W Pharmaceuticals, a drug company that specializes in cannabis-based pharmaceuticals, has received early approval on a patent covering the use of marijuana chemicals for treating brain cancer.
GW Pharmaceuticals announced Wednesday that it has been issued a Notice of Allowance from the U.S. Patent Office for a patent application involving the use of THCand CBD, the two main chemicals in marijuana, for treating gliomas.
Once a patent application is deemed a genuine invention, the Patent Office sends a Notice of Allowance that outlines the fees involved with final approval.
Specifically, the company provides this description of the patent:
“THE SUBJECT PATENT SPECIFICALLY COVERS A METHOD FOR TREATING GLIOMA IN A HUMAN USING A COMBINATION OF CANNABIDIOL (CBD) AND TETRAHYDROCANNABINOL (THC) WHEREIN THE CANNABINOIDS ARE IN A RATIO OF FROM 1:1 TO 1:20 (THC:CBD) WITH THE INTENT TO REDUCE CELL VIABILITY, INHIBIT CELL GROWTH OR REDUCE TUMOR VOLUME.”
Filed in 2009, GW’s patent application lists Otsuka Pharmaceutical as a collaborator and initially claimed the invention of the “use of a combination of cannabinoids in the manufacture of a medicament for use in the treatment of cancer.”
However, it’s likely that the application was revised since then to be more specific in its claims, including the ratio of THC to CBD used and the type of cancer treated.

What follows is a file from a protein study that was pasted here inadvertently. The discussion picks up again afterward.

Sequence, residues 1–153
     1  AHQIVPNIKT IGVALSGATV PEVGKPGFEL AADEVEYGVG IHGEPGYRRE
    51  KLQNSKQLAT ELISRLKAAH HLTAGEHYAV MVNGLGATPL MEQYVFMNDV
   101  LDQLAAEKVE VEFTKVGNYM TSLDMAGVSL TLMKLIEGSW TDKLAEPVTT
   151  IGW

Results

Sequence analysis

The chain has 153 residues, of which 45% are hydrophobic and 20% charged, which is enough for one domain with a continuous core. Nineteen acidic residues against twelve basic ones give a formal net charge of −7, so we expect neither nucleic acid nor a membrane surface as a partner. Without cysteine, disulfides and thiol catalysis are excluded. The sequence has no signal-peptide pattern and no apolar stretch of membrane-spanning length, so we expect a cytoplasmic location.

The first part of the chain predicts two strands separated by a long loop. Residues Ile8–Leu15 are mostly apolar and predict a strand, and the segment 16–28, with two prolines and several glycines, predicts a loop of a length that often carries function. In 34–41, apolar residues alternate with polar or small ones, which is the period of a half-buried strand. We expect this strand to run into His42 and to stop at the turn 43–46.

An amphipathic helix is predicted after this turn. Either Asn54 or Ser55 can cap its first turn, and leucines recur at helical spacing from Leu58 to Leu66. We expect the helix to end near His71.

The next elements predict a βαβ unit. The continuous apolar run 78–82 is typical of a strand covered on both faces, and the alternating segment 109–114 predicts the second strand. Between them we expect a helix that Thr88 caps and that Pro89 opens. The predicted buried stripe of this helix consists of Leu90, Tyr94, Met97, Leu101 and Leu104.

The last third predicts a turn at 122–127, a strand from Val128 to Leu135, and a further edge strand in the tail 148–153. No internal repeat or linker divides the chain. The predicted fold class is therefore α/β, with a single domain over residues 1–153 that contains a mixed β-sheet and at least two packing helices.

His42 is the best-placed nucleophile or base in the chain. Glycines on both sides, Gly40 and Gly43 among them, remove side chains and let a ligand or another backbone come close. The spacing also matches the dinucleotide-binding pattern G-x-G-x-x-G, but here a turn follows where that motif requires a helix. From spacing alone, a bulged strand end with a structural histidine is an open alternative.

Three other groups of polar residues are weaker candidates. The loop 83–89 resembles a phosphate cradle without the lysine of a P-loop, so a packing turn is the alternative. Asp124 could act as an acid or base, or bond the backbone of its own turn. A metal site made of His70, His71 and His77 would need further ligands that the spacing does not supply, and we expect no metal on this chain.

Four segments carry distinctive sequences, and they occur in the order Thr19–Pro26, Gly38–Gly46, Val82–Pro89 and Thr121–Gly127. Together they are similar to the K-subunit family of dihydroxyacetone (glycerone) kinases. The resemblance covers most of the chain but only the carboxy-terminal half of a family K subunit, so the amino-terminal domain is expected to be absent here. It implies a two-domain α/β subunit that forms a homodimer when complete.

Indeed, the use of cannabis and cannabis-derived chemicals to fight a wide range of cancers has long been suggested by pre-clinical research as well as anecdotal reports.
On the other hand, the first clinical trial to investigate these cancer treatments only began last month, launched by GW Pharmaceuticals for their cannabis drug Sativex.
The trial investigates Sativex in combination with the standard chemotherapy drug temozolomide, and involves 20 patients with recurrent glioblastoma multiforme (GBM), an aggressive and rare form of brain cancer.
GW Pharmaceuticals also announced in November that it had begun human trials of a CBD-rich cannabis drug for the treatment of pediatric epilepsy.